Fortunately, it appears Drake didn’t attempt any three-point shots. The last time he tried that, he totally airballed, and after that, nothing was the same.

TIME Holidays

10 Super Last-Minute Holiday Gifts That No One Will Know Were Last Minute

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From a relaxing trip to the spa to a thrilling skydiving adventure, gift ideas for everybody on your list 

If you procrastinated on your holiday shopping or simply just forgot Christmas was a thing, don’t panic. We’ve got you covered with 10 ideas for gifts that a) do not require setting foot in a store and b) do not require paying any kind of expedited delivery fees.

Boom. Nobody will know you almost forgot to get them something this year.

1. Healthy snack box subscription: For a health food enthusiast or for that one person who’s always trying to eat healthier, send a monthly box of edible goodies. (Love With Food: $36 for three months; NatureBox: $40 for two months)

2. Netflix, Hulu or Spotify subscription: For that person in your life who is always mooching off your TV and music streaming services, just get them their own account. (Netflix: $47.94 for six months; Hulu Plus: $47.94 for six months; Spotify Premium: $59.94 for six months)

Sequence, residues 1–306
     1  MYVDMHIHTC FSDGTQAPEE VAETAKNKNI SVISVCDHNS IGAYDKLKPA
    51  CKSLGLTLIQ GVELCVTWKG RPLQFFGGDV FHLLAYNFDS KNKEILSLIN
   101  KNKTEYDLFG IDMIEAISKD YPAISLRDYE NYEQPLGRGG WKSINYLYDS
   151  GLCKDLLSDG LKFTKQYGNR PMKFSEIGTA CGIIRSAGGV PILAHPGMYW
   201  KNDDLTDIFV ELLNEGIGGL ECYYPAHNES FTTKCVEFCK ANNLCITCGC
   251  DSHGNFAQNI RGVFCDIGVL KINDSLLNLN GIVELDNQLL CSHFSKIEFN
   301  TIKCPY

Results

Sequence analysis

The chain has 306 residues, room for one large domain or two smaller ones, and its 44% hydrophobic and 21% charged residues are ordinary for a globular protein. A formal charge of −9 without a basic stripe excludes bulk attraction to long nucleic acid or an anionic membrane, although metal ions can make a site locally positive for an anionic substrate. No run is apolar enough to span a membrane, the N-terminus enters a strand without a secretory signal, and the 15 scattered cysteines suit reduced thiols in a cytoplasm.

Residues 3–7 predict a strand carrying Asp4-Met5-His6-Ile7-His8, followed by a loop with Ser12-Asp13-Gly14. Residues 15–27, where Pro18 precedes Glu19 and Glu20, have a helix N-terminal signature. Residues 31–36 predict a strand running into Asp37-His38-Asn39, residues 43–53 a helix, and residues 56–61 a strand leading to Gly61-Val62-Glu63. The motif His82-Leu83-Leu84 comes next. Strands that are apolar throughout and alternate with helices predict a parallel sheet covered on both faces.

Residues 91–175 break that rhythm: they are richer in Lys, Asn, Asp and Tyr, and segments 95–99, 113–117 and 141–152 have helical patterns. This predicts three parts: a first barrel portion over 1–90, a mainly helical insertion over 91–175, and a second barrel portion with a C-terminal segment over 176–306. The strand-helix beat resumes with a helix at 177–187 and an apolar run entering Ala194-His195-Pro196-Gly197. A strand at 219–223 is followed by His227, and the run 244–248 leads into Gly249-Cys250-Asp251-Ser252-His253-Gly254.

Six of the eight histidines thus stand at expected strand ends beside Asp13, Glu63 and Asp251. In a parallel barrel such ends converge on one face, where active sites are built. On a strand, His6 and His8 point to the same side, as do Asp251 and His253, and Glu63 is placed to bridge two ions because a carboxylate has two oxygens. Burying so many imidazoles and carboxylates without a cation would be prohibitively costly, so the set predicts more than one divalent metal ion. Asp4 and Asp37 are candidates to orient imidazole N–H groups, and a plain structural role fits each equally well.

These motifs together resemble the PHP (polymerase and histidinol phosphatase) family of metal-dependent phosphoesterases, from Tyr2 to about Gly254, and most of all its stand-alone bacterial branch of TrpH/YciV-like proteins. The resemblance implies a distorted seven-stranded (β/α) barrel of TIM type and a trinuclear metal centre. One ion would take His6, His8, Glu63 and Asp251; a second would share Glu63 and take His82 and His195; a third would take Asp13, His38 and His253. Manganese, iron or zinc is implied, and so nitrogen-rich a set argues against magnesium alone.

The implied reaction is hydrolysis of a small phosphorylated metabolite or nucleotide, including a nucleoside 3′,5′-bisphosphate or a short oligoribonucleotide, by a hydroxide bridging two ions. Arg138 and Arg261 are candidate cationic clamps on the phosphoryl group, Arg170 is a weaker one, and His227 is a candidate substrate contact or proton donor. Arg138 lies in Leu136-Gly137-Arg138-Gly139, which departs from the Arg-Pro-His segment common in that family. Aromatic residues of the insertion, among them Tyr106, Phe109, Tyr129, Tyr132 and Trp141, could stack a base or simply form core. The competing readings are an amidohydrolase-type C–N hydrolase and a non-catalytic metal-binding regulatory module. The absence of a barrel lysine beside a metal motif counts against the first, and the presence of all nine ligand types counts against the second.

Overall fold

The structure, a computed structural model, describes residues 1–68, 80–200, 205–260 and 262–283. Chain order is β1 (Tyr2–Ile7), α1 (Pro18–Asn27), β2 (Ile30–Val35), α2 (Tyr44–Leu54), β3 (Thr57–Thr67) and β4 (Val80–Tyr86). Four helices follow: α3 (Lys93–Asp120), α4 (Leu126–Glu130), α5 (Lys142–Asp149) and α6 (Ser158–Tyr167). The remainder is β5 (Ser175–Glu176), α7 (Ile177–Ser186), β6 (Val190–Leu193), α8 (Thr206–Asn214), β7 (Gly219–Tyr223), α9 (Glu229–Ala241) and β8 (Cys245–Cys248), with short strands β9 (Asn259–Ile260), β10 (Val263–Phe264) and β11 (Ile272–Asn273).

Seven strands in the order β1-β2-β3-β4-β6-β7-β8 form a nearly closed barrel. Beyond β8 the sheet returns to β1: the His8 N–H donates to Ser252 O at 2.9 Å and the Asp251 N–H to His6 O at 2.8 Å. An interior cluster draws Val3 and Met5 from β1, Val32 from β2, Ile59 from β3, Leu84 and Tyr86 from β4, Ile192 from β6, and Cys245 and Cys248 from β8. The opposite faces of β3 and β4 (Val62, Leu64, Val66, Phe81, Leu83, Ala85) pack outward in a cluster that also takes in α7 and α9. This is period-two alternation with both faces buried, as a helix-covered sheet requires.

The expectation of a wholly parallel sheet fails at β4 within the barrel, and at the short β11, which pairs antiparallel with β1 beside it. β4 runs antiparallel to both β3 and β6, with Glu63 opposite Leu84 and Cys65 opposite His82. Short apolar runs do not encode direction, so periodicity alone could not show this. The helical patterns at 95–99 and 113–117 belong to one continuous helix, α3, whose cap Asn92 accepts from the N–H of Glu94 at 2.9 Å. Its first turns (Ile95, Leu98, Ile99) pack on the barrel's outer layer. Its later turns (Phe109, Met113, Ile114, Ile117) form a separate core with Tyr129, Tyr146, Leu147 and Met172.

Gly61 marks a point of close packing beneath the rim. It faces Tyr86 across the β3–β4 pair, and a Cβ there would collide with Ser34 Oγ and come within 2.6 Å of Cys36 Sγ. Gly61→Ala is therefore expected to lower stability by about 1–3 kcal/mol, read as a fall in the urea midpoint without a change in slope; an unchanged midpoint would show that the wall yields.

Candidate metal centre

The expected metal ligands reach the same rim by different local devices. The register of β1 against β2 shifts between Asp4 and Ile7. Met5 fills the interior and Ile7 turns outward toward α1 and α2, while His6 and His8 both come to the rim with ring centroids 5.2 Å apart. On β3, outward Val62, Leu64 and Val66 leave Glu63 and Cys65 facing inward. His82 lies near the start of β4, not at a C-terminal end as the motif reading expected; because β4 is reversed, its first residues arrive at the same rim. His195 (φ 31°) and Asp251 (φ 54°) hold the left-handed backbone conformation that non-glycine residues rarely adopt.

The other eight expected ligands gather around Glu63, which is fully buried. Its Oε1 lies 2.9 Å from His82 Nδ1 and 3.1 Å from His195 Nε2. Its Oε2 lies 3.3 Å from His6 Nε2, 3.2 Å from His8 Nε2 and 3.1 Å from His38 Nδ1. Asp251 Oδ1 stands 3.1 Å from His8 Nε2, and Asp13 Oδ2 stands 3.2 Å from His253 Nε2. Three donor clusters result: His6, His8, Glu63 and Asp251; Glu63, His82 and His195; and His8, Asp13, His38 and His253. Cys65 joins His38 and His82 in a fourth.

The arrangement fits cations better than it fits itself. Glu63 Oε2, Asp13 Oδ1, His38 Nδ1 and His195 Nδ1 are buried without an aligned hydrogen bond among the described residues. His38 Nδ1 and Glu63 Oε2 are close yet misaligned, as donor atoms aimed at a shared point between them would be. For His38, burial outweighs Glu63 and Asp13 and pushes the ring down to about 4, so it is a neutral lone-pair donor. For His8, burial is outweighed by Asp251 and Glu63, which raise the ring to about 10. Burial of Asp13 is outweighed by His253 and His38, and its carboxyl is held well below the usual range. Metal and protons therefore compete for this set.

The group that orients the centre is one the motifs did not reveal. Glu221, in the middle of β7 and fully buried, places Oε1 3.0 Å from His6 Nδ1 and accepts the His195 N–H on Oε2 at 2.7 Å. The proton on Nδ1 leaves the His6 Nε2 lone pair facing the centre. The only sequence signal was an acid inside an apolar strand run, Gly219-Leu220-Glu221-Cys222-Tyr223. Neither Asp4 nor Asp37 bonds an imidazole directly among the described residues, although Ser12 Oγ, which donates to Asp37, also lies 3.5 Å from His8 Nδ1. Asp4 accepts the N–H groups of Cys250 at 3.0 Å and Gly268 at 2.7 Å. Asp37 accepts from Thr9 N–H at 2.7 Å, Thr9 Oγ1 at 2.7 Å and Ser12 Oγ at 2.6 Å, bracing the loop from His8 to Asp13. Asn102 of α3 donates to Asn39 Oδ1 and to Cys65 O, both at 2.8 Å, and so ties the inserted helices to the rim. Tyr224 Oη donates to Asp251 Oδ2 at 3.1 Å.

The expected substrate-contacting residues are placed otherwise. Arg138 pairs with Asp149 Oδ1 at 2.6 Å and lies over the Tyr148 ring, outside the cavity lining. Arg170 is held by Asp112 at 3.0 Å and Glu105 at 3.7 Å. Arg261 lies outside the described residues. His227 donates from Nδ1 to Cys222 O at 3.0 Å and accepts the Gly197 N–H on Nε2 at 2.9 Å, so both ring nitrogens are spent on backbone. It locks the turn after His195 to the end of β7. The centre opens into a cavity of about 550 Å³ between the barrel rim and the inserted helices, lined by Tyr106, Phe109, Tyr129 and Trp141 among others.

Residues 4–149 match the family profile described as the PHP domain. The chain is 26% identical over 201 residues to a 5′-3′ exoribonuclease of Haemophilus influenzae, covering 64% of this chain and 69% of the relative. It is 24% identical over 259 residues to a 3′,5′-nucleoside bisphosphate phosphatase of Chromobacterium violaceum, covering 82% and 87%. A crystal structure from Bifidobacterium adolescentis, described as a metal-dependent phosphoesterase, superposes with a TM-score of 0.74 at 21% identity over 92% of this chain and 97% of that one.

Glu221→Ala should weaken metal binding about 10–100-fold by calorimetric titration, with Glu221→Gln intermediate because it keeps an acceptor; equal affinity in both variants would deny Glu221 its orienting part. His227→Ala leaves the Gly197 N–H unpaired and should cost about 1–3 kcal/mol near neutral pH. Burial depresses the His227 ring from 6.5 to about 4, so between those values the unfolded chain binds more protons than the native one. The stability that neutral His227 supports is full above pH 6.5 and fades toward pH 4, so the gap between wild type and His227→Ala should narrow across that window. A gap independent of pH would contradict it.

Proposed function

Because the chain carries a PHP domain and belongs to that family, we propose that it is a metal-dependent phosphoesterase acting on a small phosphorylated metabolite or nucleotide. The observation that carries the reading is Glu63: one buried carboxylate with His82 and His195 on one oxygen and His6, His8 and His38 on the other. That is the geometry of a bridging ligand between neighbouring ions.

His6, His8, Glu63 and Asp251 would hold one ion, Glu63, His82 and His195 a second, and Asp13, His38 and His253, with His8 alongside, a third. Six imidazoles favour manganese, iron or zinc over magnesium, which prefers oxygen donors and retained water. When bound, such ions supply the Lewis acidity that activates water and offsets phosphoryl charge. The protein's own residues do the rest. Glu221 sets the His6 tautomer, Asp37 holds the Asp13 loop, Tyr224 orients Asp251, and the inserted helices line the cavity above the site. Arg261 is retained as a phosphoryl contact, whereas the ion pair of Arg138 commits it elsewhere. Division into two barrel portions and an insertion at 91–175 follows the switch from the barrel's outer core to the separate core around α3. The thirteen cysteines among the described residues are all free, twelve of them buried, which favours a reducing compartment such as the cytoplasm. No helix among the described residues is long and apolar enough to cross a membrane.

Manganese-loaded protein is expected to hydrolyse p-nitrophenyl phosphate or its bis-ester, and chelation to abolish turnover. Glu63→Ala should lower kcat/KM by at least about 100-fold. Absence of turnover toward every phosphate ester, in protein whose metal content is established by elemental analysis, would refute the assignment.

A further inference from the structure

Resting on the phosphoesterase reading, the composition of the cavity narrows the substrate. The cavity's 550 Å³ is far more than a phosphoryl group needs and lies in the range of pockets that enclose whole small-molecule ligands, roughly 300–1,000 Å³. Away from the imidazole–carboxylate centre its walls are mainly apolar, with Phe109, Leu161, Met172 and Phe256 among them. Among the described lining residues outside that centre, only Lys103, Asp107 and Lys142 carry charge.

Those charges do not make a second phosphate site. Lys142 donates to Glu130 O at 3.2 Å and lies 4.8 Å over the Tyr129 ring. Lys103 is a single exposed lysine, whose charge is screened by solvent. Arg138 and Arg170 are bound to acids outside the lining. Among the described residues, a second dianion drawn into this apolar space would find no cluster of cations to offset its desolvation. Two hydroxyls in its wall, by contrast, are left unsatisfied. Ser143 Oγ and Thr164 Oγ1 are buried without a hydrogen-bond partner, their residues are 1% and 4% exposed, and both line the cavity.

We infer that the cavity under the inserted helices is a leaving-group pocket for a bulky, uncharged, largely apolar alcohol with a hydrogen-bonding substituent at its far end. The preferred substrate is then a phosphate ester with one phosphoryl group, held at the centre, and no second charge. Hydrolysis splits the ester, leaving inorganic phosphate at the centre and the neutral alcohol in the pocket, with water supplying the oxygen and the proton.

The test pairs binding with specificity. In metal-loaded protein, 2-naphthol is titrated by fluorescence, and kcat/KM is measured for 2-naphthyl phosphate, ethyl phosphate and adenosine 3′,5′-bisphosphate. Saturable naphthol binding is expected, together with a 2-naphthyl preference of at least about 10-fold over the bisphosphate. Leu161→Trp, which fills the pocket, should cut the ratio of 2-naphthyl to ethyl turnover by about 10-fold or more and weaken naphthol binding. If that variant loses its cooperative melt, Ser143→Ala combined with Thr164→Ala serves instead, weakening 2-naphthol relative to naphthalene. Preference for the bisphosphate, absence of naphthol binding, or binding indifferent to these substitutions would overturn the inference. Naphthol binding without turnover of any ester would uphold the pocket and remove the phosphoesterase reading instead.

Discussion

3. Museum membership: Great for an art, culture or history enthusiast who is always meaning to go to their favorite museum more often. (Metropolitan Museum of Art in New York City: $110 for one year individual membership; The Field Museum in Chicago: $85 for one year individual membership; Museum of Contemporary Art in Los Angeles: $85 for one year individual membership)

4. Beauty product subscription box: For the woman (or man!) in your life who still hasn’t found the beauty products that work best for her (or him), give a monthly delivery of different serums, pomades, polishes and colognes to try. (Birchbox: $30 for three months for women / $60 for three months for men; Goodebox: $54 for three months)

5. Maid service: This might sound boring, but think about how great a gift this really is: allowing someone to start off the new year with a super-clean house that they didn’t have to clean themselves. (Molly Maid: Gift cards available starting at $100)